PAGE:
In the illustration on the cover of the book entitled Home Field Advantage, Lambeau Field is crowned in a halo of sunlight. In fact, the whole scene is heavenly. Author Ken Ruettgers, all shoulder pads and thigh pads, is holding the hand of his seven-year-old son, Matthew. The boy, wearing an oversized Packer jersey with the number 75, barely reaches his father's waist. Matthew gazes up at the handsome figure who towers over him. The subtitle reads: A Dad's Guide to the Power of Role Modeling. There is a blurb on the cover from a pastor named Reggie White.
On the cover of the Packer media guide, the lone image is of an offensive lineman, a left tackle, number 75. His legs are in a wide stance, and his body is hunched like that of a sumo wrestler who is about to attack his opponent. His wrists and hands are mummified in strips of white tape. There is a scowl behind the face mask. This picture is unlike the angelic scene on the book cover. Yet when it comes to left tackles, there isn't a better role model.
Ruettgers decided to write the book after a 1993 incident in the Packer locker room. Matthew had approached one of the team's stars whom he revered, and was crestfallen when he was ignored. Writes Ruettgers, "I grew up believing that athletes have a responsibility to people in society who look up to them. But the value of that role had never become so real to me until my son reached out to a fellow athlete and grabbed nothing but air.... I knew one role model Matt could always rely on...someone who had a 'home field' advantage.... Me."
This past off-season, Ruettgers worked on the book daily. He interviewed more than 50 professional athletes and wrote enough material for three books. Co-author Dave Branon edited Ruettgers's work into a 221-page paperback. Proceeds from the book, which sells for $10.99, will go to a charitable foundation that Ruettgers says will focus on the father's role in parenting. In Home Field Advantage, Ruettgers offers advice on how to be a better role model. Each chapter concludes with sections entitled Personal Time-Out, which lists review questions, and Ruettgers Reflections, which are "football truths that also work in real life." For example: "Hard work always overcomes shortcomings."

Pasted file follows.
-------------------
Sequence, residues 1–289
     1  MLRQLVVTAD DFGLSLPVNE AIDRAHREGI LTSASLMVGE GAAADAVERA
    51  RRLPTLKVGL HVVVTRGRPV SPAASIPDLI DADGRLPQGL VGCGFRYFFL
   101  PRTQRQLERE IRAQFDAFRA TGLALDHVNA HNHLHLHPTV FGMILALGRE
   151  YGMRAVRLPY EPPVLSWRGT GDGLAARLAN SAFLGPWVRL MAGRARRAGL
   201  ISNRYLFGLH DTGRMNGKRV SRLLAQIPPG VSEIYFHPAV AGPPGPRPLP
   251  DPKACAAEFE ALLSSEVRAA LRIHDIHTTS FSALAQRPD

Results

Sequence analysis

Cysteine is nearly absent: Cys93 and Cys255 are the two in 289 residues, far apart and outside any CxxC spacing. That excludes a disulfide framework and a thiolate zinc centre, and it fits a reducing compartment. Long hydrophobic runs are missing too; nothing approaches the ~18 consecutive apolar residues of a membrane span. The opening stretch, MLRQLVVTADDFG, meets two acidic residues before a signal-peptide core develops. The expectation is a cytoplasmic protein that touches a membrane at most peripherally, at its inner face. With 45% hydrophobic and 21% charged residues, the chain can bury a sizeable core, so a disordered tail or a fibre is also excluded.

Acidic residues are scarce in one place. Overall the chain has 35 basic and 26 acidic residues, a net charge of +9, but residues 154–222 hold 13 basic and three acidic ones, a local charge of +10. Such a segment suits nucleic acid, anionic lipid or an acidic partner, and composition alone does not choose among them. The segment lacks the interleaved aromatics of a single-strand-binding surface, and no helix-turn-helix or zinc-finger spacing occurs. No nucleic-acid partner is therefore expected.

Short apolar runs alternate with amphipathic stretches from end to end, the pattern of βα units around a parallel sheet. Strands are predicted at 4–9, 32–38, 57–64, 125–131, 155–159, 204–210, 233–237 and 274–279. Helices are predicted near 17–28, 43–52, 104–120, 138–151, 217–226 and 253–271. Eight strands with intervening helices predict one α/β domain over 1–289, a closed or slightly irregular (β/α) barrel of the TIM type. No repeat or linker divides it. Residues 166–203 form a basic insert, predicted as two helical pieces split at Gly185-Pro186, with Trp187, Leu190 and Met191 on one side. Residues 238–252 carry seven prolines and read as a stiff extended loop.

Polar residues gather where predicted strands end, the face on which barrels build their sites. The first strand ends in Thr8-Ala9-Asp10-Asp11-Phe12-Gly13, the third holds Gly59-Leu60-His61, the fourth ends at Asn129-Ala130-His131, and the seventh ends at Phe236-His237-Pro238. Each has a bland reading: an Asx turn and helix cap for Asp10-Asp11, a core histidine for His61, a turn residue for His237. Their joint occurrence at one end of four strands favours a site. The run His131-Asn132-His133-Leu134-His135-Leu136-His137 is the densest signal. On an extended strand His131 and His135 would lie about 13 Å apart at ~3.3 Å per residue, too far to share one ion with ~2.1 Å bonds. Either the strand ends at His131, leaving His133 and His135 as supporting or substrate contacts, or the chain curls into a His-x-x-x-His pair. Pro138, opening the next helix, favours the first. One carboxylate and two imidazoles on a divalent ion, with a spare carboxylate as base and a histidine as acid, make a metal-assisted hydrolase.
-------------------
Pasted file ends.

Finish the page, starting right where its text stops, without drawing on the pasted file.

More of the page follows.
The prototypical offensive tackle is a strong player with quick feet and long arms. "Kenny has none of the above," offensive line coach Tom Lovat says with a laugh. "He's not a smooth athlete, but he makes up for that with hard work and preparation."
Ruettgers's value was never more evident than during the Packers' opening 17-14 loss to the Rams, which he sat out with four broken transverse process bones in his lower back. In the first half, quarterback Brett Favre was sacked four times.
Ruettgers had sustained his injury the previous week in a preseason game against Washington. "It felt as if someone took a baseball bat and hit me across the back," he said. He was expected to miss at least three weeks, but he started the next game, against Chicago, a 27-24 victory.
A 1985 first-round draft choice now in his 10th season as the starting left tackle, Ruettgers, 33, has become a role model for his teammates. "I'm the young pup on the line," says left guard Aaron Taylor, a first-year starter. "He has helped me a lot, especially with my confidence."
The two teammates constantly kid each other about their respective alma maters. Ruettgers is a USC graduate; Taylor played at Notre Dame. Asked about his teammate's book venture, Taylor responds, "I didn't even know he could read, being from USC and all."
"Seriously," he adds, "that's the type of person Kenny is: a role model on and off the field."